Word Association

Last week, in what has variously been described as a “great day for multiculturalism in Australia” and an “absolutely sickening” “disregard [for] Australia’s constitution”, Ed Husic, federal Labor MP for Chifley, was sworn in to two parliamentary positions using a Koran. Whilst some of the commentary on this event was appropriately respectful and even congratulatory for a first-generation migrant achieving such high office, also making the news was the volume of vitriol poured in Mr Husic’s direction. The reason: that he swore in on a Koran, rather than a Christian Bible.

Of course, the entire purpose for swearing in on a Bible is not in endorsement of the values and beliefs espoused by Christianity, but rather is akin to swearing “on my honour” or “on the lives of my children” – a commitment on something that the swearer values. The whole idea of “swearing in” is a bit of an antiquated principle in itself, something that became amply clear with commenters mentioning that sworn-in witnesses to a criminal trial lied through their teeth, whilst a Muslim, having sworn on a Koran, told the unblemished truth. In a country where well under ten per cent of the population are regular church attendees (church attendance may be an unrealistic signifier of Christian attitudes, but good enough to go on), the reverence with which the other 90% of the population hold the Bible has to be open to question.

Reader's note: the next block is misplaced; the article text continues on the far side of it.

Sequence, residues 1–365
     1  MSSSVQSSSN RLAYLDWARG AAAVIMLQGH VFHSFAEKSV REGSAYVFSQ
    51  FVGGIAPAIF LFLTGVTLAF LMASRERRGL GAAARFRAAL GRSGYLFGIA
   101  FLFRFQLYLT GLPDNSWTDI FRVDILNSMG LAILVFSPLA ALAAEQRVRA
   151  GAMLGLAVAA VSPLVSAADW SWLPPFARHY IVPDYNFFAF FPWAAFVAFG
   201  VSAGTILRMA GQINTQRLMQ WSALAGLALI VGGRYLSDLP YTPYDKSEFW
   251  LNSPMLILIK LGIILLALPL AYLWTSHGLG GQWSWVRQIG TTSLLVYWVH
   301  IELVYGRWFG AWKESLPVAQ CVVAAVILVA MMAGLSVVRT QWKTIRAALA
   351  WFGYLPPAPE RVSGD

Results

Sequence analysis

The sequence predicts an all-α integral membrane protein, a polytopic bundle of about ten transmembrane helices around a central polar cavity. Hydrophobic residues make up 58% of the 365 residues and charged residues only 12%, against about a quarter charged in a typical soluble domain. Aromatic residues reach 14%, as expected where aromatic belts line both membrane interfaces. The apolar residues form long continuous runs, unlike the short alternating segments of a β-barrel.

So swearing in a devout Muslim on a Koran has got to be at least as fit-for-purpose as swearing in an agnostic, atheist or non-practicing lapsed-catholic on a Bible. You might as well ask whether the specific bible in question is a King James or The Message. But let’s put that aside for now.

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An offer they can’t refuse

As 2009 draws to a close, commentators across the world will be writing articles about “Milestones of the past decade”. There will be some consensus between such lists. I’d be surprised if many such lists were published without Barak Obama featuring. In Australia, naturally, the defeat of John Howard’s coalition and the election of Kevin Rudd’s Labor will also rank highly.

One development which might not be so commonly heralded, but no less significant to those within some circles, will be the recent and unprecedented offer by the Roman Catholic Church for disaffected Anglican priests and congregations to rejoin their communion. Continue reading

MAPping a path to change

I recently was able to read the Mission Action Plan for a local Anglican church. What struck me upon reviewing the dot point list of their priorities for the immediate future was the amount of overlap with the outcomes of my home church’s Unfreeze program of five years ago. Whilst five years might seem like a long time in today’s hectic world, it’s well recognised that time within Church circles travels much more slowly, so it’s perhaps not surprising that the issues raised then are still very much current and still in need of resolution.

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